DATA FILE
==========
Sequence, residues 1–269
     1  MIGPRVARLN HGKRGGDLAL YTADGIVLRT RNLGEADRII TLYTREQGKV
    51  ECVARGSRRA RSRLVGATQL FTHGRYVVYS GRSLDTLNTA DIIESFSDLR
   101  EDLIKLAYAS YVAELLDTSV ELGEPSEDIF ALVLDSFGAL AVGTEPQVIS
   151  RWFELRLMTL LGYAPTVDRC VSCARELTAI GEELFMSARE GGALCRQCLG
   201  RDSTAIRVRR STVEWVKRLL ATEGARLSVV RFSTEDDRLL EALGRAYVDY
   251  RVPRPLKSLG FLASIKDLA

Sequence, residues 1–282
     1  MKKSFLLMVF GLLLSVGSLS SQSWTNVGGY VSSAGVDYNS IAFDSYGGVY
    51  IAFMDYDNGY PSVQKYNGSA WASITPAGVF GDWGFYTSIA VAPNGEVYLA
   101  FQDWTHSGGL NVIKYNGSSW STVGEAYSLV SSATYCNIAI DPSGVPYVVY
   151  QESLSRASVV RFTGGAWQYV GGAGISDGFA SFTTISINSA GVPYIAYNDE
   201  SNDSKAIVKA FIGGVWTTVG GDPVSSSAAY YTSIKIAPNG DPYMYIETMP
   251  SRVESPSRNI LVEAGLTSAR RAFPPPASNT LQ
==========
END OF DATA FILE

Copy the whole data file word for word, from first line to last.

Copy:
Sequence, residues 1–269
     1  MIGPRVARLN HGKRGGDLAL YTADGIVLRT RNLGEADRII TLYTREQGKV
    51  ECVARGSRRA RSRLVGATQL FTHGRYVVYS GRSLDTLNTA DIIESFSDLR
   101  EDLIKLAYAS YVAELLDTSV ELGEPSEDIF ALVLDSFGAL AVGTEPQVIS
   151  RWFELRLMTL LGYAPTVDRC VSCARELTAI GEELFMSARE GGALCRQCLG
   201  RDSTAIRVRR STVEWVKRLL ATEGARLSVV RFSTEDDRLL EALGRAYVDY
   251  RVPRPLKSLG FLASIKDLA

Sequence, residues 1–282
     1  MKKSFLLMVF GLLLSVGSLS SQSWTNVGGY VSSAGVDYNS IAFDSYGGVY
    51  IAFMDYDNGY PSVQKYNGSA WASITPAGVF GDWGFYTSIA VAPNGEVYLA
   101  FQDWTHSGGL NVIKYNGSSW STVGEAYSLV SSATYCNIAI DPSGVPYVVY
   151  QESLSRASVV RFTGGAWQYV GGAGISDGFA SFTTISINSA GVPYIAYNDE
   201  SNDSKAIVKA FIGGVWTTVG GDPVSSSAAY YTSIKIAPNG DPYMYIETMP
   251  SRVESPSRNI LVEAGLTSAR RAFPPPASNT LQ